‘They Shall Not Grow Old’ Review
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They Shall Not Grow Old is a truly fascinating cinematic document, the sort of thing that shows the power, and the limitations, of the artform to transport audiences through space and time. Peter Jackson’s documentary about World War I is a minor miracle: a rather simple and straightforward story told in such a fantastically original way that many viewers will feel dispatched to the past.

Jackson relates the action on the western front in the usual way: Vintage film footage is combined with interviews conducted by the BBC of WWI vets when they were in their fifties and sixties. He combines film, still photography, and artistic representations (drawings, paintings, etc.) of combat on the front to tell the story. It’s the sort of thing you might see in any documentary about action that took place more than a century ago.

But the presentation of all this material is something else entirely. At first, it’s a rather standard newsreel-style staging: we see a 4:3 box with black bars on all four sides taking up most of the screen’s space. In addition to voiceovers from men describing signing up for battle and going off to boot camp, we hear the sound of a projector whirring in the background, ticking away, mimicking the flicker of film spinning through sprockets.

I watched They Shall Not Grow Old in 3D, and the effect was a bit like looking through a windowpane. The image was recessed a little, set off behind the black bars. The hint of depth was pleasingly subtle, like looking at a piece of art in a shadowbox, but not really worth the trouble of wearing the glasses.

Moments later, however, the trouble became well worth it. Once our heroes joined the front, the scope of the film expanded. Literally, in one sense, with the aspect ratio moving from a boxy 4:3 to a more expansive 16:9, living color consuming the artificial frame imposed on the screen. As the picture stretches in width and height, the images shift from gray to color and a full 3D effect kicks in. The projector noise fades away and drops out altogether. It calls to mind that moment in C.S. Lewis’s novel, The Voyage of the Dawn Treader, when the Pevensie kids are pulled out of a British house and into a painting—and the land of Narnia. You feel as if you’ve been sucked into the screen, in a way.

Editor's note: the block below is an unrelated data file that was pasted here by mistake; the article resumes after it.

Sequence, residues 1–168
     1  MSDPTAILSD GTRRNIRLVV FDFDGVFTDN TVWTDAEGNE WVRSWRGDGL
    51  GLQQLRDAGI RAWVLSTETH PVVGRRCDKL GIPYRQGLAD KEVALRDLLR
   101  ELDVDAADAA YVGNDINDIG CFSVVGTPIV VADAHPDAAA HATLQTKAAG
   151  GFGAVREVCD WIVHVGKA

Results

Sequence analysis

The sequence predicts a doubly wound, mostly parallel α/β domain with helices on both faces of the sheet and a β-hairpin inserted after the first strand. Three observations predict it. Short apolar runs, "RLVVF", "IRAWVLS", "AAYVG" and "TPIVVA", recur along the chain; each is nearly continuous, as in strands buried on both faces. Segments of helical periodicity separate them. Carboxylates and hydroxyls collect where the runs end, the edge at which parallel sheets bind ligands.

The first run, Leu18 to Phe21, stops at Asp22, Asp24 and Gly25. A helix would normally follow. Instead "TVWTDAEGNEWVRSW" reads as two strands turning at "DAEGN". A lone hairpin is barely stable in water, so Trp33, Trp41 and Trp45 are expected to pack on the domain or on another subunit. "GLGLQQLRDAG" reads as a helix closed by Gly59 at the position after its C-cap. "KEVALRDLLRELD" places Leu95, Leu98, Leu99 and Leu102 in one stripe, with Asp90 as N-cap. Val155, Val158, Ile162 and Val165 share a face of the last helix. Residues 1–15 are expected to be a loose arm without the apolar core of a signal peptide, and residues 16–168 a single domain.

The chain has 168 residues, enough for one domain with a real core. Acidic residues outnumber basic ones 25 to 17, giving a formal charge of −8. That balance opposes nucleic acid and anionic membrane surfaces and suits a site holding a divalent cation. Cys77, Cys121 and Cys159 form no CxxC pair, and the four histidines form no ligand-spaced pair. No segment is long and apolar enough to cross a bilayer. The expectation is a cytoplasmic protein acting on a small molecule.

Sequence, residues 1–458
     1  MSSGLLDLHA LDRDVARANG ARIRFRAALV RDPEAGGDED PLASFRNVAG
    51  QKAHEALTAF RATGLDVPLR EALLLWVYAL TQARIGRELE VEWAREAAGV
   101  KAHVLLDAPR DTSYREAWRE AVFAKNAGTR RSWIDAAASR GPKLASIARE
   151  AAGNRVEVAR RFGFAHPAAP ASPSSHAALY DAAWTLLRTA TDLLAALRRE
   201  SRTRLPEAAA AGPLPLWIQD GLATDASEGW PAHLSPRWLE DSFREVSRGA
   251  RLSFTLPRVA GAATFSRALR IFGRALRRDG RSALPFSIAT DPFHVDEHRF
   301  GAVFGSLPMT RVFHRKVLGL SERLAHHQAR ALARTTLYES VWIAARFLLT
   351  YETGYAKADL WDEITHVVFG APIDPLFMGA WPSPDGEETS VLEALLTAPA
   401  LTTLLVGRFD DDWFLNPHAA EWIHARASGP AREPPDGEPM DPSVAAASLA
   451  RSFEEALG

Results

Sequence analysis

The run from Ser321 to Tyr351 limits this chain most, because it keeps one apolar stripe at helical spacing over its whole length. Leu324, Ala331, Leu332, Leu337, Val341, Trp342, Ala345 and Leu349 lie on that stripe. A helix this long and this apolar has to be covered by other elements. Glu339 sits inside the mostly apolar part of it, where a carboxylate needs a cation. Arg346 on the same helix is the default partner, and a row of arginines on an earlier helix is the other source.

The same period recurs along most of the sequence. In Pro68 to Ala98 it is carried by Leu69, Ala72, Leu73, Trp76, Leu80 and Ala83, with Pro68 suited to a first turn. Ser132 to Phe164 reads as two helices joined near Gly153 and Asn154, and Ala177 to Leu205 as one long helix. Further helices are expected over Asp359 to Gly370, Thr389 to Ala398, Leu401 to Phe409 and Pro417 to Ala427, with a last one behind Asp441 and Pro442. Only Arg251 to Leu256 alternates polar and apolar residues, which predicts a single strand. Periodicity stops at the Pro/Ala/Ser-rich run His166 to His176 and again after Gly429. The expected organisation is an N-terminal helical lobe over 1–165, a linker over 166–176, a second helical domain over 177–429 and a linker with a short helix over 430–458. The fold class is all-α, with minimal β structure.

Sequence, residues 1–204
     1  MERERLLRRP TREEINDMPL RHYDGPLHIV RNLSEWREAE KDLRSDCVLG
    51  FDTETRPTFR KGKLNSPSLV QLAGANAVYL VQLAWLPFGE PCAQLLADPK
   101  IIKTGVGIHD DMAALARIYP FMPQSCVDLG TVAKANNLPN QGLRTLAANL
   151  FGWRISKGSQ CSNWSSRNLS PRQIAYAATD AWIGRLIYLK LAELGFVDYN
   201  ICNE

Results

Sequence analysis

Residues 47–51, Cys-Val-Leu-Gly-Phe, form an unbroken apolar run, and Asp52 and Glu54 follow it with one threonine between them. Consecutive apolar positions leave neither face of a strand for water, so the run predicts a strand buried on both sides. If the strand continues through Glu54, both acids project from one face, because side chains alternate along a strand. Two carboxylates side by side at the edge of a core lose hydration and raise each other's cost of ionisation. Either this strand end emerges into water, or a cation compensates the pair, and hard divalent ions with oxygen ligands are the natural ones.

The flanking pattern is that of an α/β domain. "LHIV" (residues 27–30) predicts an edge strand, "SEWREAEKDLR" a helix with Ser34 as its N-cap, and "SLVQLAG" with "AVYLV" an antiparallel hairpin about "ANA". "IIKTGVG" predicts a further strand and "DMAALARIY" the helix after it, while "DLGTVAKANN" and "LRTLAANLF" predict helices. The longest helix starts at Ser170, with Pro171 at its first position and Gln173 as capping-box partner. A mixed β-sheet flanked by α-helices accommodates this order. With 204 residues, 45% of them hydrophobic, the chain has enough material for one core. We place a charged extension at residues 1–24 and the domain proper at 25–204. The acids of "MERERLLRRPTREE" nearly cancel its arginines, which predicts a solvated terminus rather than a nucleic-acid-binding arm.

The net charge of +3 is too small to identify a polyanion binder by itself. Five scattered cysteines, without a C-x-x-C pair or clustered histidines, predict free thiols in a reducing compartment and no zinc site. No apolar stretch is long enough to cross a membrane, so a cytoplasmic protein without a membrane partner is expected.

As transporting as the effect is, you can’t help but notice the limits of the technology. Faces sometimes blur, the computer-powered restoration of the ancient film unable to seamlessly generate motion. The 3D effect is occasionally too noticeable, the film screen occasionally feeling like an awkwardly die cut wood carving. I found myself wondering if the chit chat captured on film—not the voiceovers, but actual interactions between people filmed 100 years ago—was dubbed by modern voice actors, given the state of technology when the footage was shot.

These are minor complaints, however. The effect truly is magical, and one must credit Peter Jackson, best known for his epic films about Middle Earth, for preserving and presenting this remarkable piece of film history in a way that will resonate with modern audiences far better than a simple black and white presentation.

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